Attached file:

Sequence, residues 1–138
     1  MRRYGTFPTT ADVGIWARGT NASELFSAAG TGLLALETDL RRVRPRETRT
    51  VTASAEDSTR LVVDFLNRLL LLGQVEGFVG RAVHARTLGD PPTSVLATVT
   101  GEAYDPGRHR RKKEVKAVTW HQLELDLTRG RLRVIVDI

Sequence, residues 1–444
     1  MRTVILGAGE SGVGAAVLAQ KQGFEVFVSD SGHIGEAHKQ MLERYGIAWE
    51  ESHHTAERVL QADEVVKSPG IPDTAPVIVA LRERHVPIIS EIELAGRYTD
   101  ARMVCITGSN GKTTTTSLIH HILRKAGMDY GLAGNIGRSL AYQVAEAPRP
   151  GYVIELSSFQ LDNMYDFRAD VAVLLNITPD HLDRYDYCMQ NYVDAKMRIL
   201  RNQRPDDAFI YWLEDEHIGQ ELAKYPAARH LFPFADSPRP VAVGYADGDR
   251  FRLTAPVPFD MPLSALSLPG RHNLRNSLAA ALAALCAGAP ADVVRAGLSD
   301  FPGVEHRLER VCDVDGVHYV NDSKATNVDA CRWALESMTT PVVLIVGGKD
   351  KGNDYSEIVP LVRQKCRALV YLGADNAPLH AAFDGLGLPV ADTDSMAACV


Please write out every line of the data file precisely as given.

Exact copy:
Sequence, residues 1–138
     1  MRRYGTFPTT ADVGIWARGT NASELFSAAG TGLLALETDL RRVRPRETRT
    51  VTASAEDSTR LVVDFLNRLL LLGQVEGFVG RAVHARTLGD PPTSVLATVT
   101  GEAYDPGRHR RKKEVKAVTW HQLELDLTRG RLRVIVDI

Sequence, residues 1–444
     1  MRTVILGAGE SGVGAAVLAQ KQGFEVFVSD SGHIGEAHKQ MLERYGIAWE
    51  ESHHTAERVL QADEVVKSPG IPDTAPVIVA LRERHVPIIS EIELAGRYTD
   101  ARMVCITGSN GKTTTTSLIH HILRKAGMDY GLAGNIGRSL AYQVAEAPRP
   151  GYVIELSSFQ LDNMYDFRAD VAVLLNITPD HLDRYDYCMQ NYVDAKMRIL
   201  RNQRPDDAFI YWLEDEHIGQ ELAKYPAARH LFPFADSPRP VAVGYADGDR
   251  FRLTAPVPFD MPLSALSLPG RHNLRNSLAA ALAALCAGAP ADVVRAGLSD
   301  FPGVEHRLER VCDVDGVHYV NDSKATNVDA CRWALESMTT PVVLIVGGKD
   351  KGNDYSEIVP LVRQKCRALV YLGADNAPLH AAFDGLGLPV ADTDSMAACV